84091 - Data Modelling and Multimedia Database

Course Unit Page

Academic Year 2018/2019

Learning outcomes

This course aims to initiate to data modeling, firstly by reflecting on content type: starting from traditional metadata, continuing with regular (textual) documents, and concluding with most complex multimedia documents. At the end of the course the students will be able to: master the principles and fundamentals of documents’ database design and implementation; master the most suitable methods of documents’ content description, together with their indexing techniques and query paradigms; evaluate the quality of provided results through quantitative metrics (both for effectiveness and efficiency); be familiar with the state-of-the-art of multimedia database management; analyze the requirements of specific contexts in the cultural heritage domain in order to identify the most appropriate solutions for modeling and managing the underlying data.

Course contents

Basics on structured, semi-structured, and unstructured data

  • Basic concepts of data modelling

Textual Information Retrieval (IR) systems: general principles

  • Documents representation in IR systems
  • Automatic indexing techniques, stemming, stoplist
  • Searches of Boolean type
  • Searches of phrases and for proximity
  • The Vector Space model: weighing techniques and ranking of the results
  • Evaluation of IR systems: Precision and Recall metrics

Multimedia Information Retrieval (MM-IR)

  • General concepts: feature extraction and similarity criteria
  • Examples for different types of multimedia data
  • Query paradigms and presentation of the results
  • Interactive searches
Each lecture is enriched by the teacher by means of guided classroom exercises, practical examples, use cases, and demos in the context of cultural heritage.


During the course, the teacher will provide the students with educational material in the form of slides and relevant scientific literature.

Teaching methods

Course lectures are in "traditional" classrooms and exploit the slides. Several use cases will be presented in order to show how such information technologies can be profitably applied in a number of real applications.

Provided slides are in english. Fluent spoken and written english is a necessary pre-requisite: all lectures and tutorials will be in english.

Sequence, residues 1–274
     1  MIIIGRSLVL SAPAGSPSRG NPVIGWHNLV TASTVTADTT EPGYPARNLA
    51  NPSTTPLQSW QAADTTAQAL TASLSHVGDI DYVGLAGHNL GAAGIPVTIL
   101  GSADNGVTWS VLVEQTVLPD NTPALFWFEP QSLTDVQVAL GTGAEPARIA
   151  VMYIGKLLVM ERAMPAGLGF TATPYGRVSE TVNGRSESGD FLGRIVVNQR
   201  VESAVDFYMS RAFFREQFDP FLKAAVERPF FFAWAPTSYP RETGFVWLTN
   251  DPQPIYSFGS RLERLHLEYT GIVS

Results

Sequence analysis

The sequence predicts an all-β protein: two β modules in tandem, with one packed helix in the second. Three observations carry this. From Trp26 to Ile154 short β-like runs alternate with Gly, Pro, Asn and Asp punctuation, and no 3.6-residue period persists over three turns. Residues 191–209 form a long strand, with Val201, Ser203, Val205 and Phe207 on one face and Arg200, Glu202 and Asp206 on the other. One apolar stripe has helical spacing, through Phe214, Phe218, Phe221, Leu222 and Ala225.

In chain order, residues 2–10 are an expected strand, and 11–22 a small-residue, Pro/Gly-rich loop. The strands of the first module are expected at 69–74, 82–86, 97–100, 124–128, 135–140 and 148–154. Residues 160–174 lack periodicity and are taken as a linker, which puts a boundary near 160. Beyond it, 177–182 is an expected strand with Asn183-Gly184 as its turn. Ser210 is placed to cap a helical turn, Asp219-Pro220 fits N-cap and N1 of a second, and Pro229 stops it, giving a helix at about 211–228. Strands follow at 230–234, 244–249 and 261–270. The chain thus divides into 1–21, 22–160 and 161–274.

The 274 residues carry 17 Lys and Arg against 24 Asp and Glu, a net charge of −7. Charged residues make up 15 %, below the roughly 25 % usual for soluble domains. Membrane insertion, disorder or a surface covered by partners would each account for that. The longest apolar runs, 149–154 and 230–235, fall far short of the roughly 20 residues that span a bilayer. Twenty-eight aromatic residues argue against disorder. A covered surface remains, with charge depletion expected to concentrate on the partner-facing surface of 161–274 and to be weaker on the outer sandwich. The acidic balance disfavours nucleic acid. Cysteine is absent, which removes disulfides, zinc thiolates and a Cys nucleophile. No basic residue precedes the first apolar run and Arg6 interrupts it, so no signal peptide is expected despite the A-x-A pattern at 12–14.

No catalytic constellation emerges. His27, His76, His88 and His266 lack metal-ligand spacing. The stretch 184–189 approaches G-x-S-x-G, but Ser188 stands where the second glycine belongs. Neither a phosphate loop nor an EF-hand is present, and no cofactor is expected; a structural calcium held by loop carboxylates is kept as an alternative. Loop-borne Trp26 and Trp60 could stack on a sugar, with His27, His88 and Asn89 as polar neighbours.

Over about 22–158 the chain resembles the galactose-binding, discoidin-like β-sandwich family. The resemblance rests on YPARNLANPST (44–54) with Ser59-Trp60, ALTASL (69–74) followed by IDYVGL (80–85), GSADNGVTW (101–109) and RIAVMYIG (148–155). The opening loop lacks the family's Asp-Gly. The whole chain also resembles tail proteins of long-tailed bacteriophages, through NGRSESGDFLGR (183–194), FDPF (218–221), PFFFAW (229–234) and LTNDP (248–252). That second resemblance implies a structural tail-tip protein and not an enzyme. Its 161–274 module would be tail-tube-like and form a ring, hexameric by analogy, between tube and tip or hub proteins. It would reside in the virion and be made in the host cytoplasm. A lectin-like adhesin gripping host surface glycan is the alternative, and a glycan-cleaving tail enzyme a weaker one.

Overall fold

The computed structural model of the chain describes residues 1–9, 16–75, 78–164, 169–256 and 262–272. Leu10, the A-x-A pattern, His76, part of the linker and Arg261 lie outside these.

N.B. For students of the second cycle degree programmes (LM) in Library and Archive Science - Campus of Ravenna - the teacher provides the possibility to receive Italian material related to the course program. For those students it is allowed to take the final exam in Italian.

Assessment methods

Achievements will be assessed by the means of a final exam. This is based on an analytical assessment of the "expected learning outcomes" described above. In order to properly assess such achievement the examination is composed of an oral exam. To participate to the lab programming exam, interested students have to register themselves by exploiting the usual UniBO Web application, called AlmaEsami.

Higher grades will be awarded to students who demonstrate an organic understanding of the subject, a high ability for critical application, and a clear and concise presentation of the contents. To obtain a passing grade, students are required to at least demonstrate a knowledge of the key concepts of the subject, some ability for critical application, and a comprehensible use of technical language. A failing grade will be awarded if the student shows knowledge gaps in key-concepts of the subject, inappropriate use of language, and/or logic failures in the analysis of the subject.

Teaching tools

Classroom lessons will be held using slides, which will be integrated with the use of the blackboard for the development of exercises.

Links to further information


Office hours

See the website of Ilaria Bartolini